Govt may introduce ‘soft landing’ approach when lifting MCO, says Health DG

The government may introduce a “soft landing” approach when removing the movement control order (MCO), says the Health Ministry. Health director-general Datuk Dr Noor Hisham Abdullah said this would mean social distancing rules and bans on large gatherings were likely to continue for the rest of the year. The MCO is currently in its third phase following two extensions by the government, and is expected to end on April 28. Dr Noor Hisham stressed that the country is still battling with Covid-19 and that more needs to be done to lower the number of cases even further. (The Star Online)

Malaysia’s daily new Covid-19 cases drop to pre-MCO level

Malaysia reported 36 new cases as of noon yesterday — the lowest daily figure since March 14, four days before the government imposed the nationwide movement control order (MCO) on March 18. Meanwhile, daily recoveries were at 98, exceeding the number of new cases, with no deaths reported. Malaysia has the fourth-highest number of Covid-19 infections in Southeast Asia at 5,425, after Singapore reported 1,426 new cases, bringing the tally there to 8,014, followed by Indonesia (6,760) and the Philippines (6,459). However, health director-general Datuk Dr Noor Hisham Abdullah cautioned that the number of daily infections may rise in the next two weeks as the ministry is still tracking Covid-19 cases, especially in some areas that have been put under the enhanced movement control order (EMCO), as well as among Malaysians who just return from the overseas. (The Edge)

Rehda: Time to lift property cooling measures

The effect of property cooling measures imposed since 2014 has been “too effective” and it is perhaps time to remove them, said Rehda president Datuk Soam Heng Choon. “Between 2010 and 2013, when there was a boom in the market, many jumped on the wagon so cooling measures were implemented. In 2017/2018 the market has already slowed down a lot, but the government has not lifted the cooling measures even then,” Soam said. “Now if the ‘medicine’ is too strong, it is perhaps time to take it away,” he opined considering the impact the COVID-19 pandemic will have on the economy and the property sector. Rehda has submitted several proposals to the government to stimulate the housing sector in particular including bringing back the Home Ownership Campaign, removing Real Property Gains Tax (RPGT), relaxing lending guidelines, among other measures. (The Edge)

Government mulls deferring Hari Raya holidays

Malaysia will look into the possibility of deferring its public holidays for the Hari Raya Aidilfitri celebration, which is what Indonesia has done in view of the Covid-19 pandemic. The government will decide whether the holidays are to be rescheduled after getting views from the Minister in the Prime Minister’s Department in charge of religious affairs. “It will not just be about Hari Raya but also on other matters such as the terawih prayers (special prayers performed during the nights of Ramadan) that the minister will discuss and propose. So, let’s wait for what he has to say. Let us start fasting first,” Senior Minister Datuk Seri Ismail Sabri Yaakob said. Indonesia has decided to postpone its Hari Raya Aidilfitri holidays to Dec 28 to 31 to stop the mass movement of its people. The first day of Ramadan for Malaysia is expected to fall on April 24 and Hari Raya Aidilfitri is likely to be celebrated on May 24 to May 26. (The Star Online)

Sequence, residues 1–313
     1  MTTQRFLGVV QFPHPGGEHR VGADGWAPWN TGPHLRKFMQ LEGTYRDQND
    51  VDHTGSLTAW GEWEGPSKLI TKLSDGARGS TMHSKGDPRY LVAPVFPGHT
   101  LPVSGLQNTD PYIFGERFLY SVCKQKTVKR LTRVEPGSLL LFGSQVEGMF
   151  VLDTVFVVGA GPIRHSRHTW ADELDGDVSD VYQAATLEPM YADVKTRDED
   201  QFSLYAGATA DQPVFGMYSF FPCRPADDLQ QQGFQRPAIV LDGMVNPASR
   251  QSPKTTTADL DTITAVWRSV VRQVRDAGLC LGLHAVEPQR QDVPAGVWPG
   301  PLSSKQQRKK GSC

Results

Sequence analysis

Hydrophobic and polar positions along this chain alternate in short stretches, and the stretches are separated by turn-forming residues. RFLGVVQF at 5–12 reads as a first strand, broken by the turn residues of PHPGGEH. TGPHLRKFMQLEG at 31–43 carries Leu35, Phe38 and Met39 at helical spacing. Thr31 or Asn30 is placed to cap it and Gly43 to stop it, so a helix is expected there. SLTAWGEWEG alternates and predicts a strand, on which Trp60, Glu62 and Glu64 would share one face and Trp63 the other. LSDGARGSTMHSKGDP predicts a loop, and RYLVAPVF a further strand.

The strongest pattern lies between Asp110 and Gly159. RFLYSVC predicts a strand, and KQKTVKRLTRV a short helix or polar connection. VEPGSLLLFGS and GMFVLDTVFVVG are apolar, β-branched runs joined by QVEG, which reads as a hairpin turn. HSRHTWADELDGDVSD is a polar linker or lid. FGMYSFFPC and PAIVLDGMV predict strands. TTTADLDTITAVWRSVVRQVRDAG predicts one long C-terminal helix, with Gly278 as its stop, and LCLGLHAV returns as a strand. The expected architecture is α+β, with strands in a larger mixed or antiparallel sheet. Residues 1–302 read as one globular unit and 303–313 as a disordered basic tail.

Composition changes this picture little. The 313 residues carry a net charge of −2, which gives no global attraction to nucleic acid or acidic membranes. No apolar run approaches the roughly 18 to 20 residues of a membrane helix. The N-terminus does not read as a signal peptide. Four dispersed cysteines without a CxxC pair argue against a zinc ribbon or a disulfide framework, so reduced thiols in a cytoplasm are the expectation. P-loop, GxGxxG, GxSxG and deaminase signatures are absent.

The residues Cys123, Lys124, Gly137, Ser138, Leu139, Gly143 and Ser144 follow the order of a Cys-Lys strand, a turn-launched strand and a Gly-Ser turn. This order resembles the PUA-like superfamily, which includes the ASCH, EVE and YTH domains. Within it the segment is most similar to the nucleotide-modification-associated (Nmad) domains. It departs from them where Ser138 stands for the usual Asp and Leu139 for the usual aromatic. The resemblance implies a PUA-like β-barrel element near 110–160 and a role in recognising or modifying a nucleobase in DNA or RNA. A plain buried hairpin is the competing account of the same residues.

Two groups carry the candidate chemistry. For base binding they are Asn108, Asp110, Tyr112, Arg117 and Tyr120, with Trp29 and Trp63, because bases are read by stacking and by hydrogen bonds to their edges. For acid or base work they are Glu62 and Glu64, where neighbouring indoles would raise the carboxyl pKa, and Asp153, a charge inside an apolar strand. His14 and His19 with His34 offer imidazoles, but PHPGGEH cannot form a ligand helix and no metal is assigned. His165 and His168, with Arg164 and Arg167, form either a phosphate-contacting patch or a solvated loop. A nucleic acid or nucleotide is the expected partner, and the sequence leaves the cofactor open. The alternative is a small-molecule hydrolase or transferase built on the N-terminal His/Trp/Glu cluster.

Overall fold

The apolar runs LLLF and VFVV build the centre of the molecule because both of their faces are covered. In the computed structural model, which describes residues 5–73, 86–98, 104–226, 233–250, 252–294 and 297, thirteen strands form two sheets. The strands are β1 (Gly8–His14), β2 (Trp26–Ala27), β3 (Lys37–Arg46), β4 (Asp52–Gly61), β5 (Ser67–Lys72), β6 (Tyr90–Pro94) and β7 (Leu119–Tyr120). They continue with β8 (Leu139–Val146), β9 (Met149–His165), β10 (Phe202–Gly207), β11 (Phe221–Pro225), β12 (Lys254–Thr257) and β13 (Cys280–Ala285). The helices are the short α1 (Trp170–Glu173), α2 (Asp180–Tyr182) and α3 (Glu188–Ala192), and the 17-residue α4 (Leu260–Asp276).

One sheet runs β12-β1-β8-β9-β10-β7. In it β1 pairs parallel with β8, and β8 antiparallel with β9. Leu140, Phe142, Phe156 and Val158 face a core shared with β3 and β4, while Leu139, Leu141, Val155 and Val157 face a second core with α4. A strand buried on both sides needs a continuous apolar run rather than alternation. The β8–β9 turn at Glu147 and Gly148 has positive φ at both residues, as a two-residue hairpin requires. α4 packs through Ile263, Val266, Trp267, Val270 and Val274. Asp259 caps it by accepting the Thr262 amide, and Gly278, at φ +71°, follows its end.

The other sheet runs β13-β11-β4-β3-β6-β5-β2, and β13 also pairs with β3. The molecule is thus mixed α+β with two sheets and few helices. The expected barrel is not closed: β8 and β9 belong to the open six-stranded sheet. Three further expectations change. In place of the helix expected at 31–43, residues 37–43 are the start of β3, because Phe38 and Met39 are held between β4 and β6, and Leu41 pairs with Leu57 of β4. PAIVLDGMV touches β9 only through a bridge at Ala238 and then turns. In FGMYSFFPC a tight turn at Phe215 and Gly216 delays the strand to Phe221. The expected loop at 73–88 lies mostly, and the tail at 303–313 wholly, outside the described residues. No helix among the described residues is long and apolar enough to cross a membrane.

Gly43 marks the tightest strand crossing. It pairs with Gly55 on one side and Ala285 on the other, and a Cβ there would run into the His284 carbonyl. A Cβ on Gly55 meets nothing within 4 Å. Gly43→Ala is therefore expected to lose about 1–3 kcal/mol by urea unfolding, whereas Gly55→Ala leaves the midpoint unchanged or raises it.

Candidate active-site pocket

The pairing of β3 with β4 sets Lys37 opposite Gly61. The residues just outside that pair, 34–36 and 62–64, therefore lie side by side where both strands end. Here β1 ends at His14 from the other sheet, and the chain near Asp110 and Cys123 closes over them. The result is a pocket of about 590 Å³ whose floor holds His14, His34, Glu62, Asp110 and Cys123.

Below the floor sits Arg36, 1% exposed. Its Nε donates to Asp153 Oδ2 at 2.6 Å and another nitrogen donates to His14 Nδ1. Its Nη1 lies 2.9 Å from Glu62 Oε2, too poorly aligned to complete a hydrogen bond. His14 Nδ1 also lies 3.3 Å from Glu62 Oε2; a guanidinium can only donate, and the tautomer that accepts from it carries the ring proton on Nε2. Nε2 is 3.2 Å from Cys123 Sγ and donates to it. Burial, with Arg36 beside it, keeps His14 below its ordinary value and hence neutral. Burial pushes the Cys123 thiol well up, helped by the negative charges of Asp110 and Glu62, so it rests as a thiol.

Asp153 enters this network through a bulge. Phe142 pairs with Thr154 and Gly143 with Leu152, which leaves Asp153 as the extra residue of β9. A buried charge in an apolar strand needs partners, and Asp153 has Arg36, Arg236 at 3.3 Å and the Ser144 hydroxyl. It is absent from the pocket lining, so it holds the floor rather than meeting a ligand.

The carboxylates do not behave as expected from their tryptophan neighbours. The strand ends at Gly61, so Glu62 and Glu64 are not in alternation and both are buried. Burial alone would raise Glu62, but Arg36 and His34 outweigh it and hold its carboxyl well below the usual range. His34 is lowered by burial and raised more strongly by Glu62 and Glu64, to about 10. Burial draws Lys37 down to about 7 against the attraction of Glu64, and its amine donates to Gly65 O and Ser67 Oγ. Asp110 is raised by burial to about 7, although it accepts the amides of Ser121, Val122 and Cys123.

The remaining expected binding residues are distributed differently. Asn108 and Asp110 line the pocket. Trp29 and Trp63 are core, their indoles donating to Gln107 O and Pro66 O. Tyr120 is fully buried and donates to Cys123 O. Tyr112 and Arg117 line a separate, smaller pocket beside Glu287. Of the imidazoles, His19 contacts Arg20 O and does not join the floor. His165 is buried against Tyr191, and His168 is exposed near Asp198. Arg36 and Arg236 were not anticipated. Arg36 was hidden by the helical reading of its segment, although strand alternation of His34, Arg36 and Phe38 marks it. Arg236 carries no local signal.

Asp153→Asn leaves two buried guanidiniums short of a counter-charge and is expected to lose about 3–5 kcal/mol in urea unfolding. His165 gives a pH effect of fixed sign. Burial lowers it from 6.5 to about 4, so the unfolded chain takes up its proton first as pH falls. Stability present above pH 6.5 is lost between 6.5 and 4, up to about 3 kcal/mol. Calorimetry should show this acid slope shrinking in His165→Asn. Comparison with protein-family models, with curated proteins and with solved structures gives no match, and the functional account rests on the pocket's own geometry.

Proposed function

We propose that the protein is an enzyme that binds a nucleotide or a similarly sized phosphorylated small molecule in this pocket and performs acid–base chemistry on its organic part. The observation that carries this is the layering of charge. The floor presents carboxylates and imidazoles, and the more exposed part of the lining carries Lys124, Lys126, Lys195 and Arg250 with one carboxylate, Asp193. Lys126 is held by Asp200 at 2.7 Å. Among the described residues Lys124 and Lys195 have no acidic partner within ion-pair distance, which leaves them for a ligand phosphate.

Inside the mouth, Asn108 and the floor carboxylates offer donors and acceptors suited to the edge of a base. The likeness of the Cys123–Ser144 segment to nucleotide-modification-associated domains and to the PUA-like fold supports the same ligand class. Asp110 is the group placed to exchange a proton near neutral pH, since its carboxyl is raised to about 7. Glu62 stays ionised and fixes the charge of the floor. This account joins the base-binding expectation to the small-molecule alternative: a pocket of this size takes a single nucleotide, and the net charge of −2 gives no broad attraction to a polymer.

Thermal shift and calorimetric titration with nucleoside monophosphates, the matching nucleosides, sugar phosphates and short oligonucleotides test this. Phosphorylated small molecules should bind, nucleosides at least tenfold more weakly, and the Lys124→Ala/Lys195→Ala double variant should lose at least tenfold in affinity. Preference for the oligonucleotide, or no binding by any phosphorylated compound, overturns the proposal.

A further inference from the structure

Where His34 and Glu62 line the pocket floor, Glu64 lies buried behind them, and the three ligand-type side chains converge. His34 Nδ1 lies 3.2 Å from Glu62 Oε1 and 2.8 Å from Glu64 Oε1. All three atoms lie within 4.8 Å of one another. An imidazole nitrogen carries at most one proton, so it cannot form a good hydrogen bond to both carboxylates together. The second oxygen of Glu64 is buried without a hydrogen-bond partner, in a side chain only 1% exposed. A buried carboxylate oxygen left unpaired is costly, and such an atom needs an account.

US oil price below zero for first time in history

US oil prices crashed into negative territory for the first time in history as the evaporation of demand caused by the coronavirus pandemic left the world awash with oil and not enough storage capacity — meaning producers are paying buyers to take it off their hands. West Texas Intermediate, the US benchmark, traded as low as -$40.32 a barrel in a day of chaos in oil markets. The settlement price on Monday was -$37.63, compared to $18.27 on Friday. Traders capitulated in the face of limited access to storage capacity across the US. Negative prices are the latest indication of the depth of the crisis hitting the oil sector after lockdowns imposed in many of the world’s major economies have sent crude demand tumbling by as much as a third, leaving the industry facing what Jefferies analyst Jason Gammel called “the bleakest oil macro outlook” he had ever seen. (Financial Times)

(Source: Market Watch)